This page will explain some bits of Japanese language and culture, as well as other
general notes, which you will need to know in order to fully understand
Ryuukishi07's world. Spoilers will be kept to a minimum and will all be limited to
Episode 2, but we will mention various events that occur throughout that Episode.
“Oh ya, the president of Okonogi Foods.”
This is an obvious reference to one of the characters from Higurashi no Naku Koro ni Kai (When
They Cry 2)
Reference to the term “Tsundere” (ツンデレ). This Japanese term is composed by two words,
“tsuntsun” and “deredere”, meaning respectively “aloof, cranky,…” and “lovestruck”. It is
mainly used for characters that are demonstrating an aggressive and/or cold behavior (tsuntsun)
but then become all lovey-dovey (deredere) under some circumstances.
The definition of such character archetype progressively branched into 2 specific types:
1) Characters that are very hostile towards the others but progressively turn all friendly, over the
time (old definition).
2) Characters that are very hostile at first, then flipping occasionally/periodically with their
affectionate side times to times (new definition).
Of course, the complexity of such characters can go past to these mere definitions (both definitions
can be applied on the same character at the same time). But generally speaking, Tsundere
characters are known to be dishonest and/or unsure about their feelings and prone to have mood
swings, the well-known bipolar aspect of such characters.
Note that although it is often used for female characters in your usual romance setup, this term is
not exclusively used for such instance, and can be applied to male and female alike, regardless of
whether it concerns their love interest or not.
‘Boku’(僕/ぼく) is the pronoun for “I”. This is often used by young boys, rarely by teenagers and
adults who would rather use “ore” (俺/オレ) or neutral pronoun like watashi (私), and implies a
casual deference. Interestingly enough, the kanji can also be read as “shimobe”, meaning
“servant”, particularly convenient for Kanon.
Note that this pronoun might be used by female, but it does not mean they are acting tomboyish
(example: Tsukimiya Ayu, from Kanon...the game Kanon).
The Japanese 'word' was ktkr, which is an abbreviation for “kita kore” (キタコレ), literally
meaning “it’s coming”. This Japanese online slang term is often used to demonstrate excitement,
expectation etc., at a given event, usually represented in ASCII art, as shown below.
キターーーーーーーーーーー（ ・∀・ ）ーーーーーーーーーーーーーーー！！！！
This word, pretty much like Tsundere, is the contraction of two words: “tsuru tsuru” (つるつる)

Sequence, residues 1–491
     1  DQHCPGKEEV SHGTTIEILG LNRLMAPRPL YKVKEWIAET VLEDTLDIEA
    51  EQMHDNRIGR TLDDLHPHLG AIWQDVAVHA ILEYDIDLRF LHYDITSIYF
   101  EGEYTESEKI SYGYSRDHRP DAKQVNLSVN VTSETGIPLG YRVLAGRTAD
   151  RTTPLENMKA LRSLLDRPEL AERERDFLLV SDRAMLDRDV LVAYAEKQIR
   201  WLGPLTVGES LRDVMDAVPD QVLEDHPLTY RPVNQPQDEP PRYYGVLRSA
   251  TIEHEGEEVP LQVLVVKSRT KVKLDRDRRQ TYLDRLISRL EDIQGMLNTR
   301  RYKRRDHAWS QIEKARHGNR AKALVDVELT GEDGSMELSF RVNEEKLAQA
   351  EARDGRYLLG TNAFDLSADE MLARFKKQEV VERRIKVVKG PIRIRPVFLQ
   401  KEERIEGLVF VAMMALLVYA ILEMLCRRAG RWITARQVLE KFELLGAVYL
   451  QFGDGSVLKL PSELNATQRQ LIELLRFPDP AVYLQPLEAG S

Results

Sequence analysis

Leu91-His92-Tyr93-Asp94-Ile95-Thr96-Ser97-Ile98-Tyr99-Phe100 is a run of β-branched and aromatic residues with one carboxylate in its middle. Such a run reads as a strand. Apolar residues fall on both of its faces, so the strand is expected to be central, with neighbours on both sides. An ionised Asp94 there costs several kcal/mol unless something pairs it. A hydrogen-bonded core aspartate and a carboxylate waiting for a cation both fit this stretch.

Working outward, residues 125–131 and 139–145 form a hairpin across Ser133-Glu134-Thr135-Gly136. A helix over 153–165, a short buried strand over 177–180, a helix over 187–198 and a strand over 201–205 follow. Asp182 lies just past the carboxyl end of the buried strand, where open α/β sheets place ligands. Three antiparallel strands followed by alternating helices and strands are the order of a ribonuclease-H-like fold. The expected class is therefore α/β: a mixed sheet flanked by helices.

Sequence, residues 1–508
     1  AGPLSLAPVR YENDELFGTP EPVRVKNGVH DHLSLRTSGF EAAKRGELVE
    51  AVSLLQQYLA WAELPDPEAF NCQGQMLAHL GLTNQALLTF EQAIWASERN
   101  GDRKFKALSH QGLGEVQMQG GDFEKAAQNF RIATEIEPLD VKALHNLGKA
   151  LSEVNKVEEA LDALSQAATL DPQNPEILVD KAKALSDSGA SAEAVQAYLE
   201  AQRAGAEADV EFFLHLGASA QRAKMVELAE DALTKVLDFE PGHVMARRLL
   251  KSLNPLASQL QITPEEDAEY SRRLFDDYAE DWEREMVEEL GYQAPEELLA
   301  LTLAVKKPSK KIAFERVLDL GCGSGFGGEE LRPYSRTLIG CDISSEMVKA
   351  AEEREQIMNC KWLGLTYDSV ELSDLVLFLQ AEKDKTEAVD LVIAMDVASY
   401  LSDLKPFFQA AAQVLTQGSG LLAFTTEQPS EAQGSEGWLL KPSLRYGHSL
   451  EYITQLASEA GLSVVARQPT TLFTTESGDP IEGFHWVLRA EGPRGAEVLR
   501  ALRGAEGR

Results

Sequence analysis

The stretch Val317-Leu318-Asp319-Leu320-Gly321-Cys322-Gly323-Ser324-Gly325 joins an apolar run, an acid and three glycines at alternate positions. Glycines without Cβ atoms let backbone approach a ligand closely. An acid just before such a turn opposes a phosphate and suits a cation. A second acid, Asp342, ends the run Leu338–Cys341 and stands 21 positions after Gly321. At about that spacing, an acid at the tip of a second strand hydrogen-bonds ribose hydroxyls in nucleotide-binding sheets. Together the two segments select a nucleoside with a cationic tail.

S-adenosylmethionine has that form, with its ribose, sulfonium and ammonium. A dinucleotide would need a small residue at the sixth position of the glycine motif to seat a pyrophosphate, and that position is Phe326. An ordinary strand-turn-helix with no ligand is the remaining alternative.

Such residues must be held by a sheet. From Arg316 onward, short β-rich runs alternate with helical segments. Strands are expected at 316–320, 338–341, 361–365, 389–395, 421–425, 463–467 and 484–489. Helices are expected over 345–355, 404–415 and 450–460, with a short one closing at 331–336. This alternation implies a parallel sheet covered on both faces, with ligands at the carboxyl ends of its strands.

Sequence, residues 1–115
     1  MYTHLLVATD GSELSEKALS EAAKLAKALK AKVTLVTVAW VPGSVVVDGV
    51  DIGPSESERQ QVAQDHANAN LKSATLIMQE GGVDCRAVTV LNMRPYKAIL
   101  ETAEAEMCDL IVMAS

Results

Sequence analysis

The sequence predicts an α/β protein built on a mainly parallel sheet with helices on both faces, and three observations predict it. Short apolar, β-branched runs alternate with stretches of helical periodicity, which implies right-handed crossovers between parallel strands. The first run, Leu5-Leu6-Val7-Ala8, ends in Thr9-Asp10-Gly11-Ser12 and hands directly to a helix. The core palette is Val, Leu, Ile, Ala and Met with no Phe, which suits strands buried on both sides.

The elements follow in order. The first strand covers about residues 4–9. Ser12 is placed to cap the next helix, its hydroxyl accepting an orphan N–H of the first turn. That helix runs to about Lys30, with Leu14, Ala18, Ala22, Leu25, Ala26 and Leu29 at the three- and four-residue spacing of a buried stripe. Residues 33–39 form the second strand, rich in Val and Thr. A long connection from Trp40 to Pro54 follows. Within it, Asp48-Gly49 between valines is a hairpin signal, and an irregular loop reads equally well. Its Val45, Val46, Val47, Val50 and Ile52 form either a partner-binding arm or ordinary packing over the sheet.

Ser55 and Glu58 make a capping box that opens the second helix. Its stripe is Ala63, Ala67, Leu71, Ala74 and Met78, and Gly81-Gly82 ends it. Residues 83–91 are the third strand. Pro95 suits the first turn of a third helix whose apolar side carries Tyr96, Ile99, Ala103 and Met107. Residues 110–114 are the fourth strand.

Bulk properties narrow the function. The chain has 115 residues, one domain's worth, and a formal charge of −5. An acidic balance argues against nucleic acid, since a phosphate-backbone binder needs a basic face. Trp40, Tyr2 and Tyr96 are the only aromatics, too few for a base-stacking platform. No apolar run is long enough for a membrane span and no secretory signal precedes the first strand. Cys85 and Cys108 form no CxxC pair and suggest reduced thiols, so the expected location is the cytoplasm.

and “peta peta” (ぺたぺた) meaning respectively slippery/smooth and flat. This slang term is
referring to flat chest.
The song, composed by Silver Forest, is one of the most popular ones related to the characters
from Touhou Project, famous doujin danmaku shoot’em up, created by ZUN.
The song also has a Higurashi no Naku Koro ni reference, and you might notice the mention of
Oyashiro-sama. That entire line in the game does come from a verse of the song.
The cross reference is doubled with Jessica’s costume, which is Marisa’s, one of the main
characters of the Touhou franchise.
Finally, the colorful comments and ASCII arts you see all over the screen is actually a reference
to Nico Nico Douga (ニコニコ動画), a Japanese video streaming site, often considered to be the
Japanese counterpart of youtube, despite the fact that they are not related whatsoever. The main
original feature of this site is the ability for watchers to type comments that appear on the video
itself and playback with the video at the moment they write the comment.
Garry Kasparov (Га́рри Ки́мович Каспа́ров) is a famous Russian chess player, often regarded as
the greatest chess player of all time. Retired in 2005, he now dedicates his life to writing and
Nanjo is most likely referring to Kasparov’s third match against Anatoly Karpov, in July 1986.
The devil’s proof (悪魔の証明) is actually the legal requirement used in court, known as Probatio
We chose to use the literal translation it flows better with the narration.
Locus (plural: Loci)
A locus is basically a curved line or surface. The Japanese word used here can also mean a trace
or a track, and is pronounced the same as Kiseki, 'miracle'.
This is neither a typo nor a mistake. Actually this is a reference to The Hitchhikers Guide to the
This is of course a reference to Agathie Christie, distinguished writer for her crime novels.
She is known to be the creator of Hercule Poirot and Jane Marple.
Pretty much like how Beatrice is explaining this word, a perpetual check is a situation in which
the game turns into a draw, as the player who is checking is unable to deliver a checkmate,
leading to an endless series of checks. This situation is often turned into a draw due to the
threefold repetition or the 50 moves rule.
Was it Knox, or was it Van Dine? It seems that in mystery novels, there must not be hidden
passages, no matter what. I also follow that etiquette.
Another reference to crime novels authors. Actually, both Knox and Van Dine created a list of
rules that they said must be applied to any 'true' detective fiction.
Please have a look at Knox’s Ten Commandments, this might be useful in figuring out the extent
of “mystery” in Umineko no Naku Koro Ni.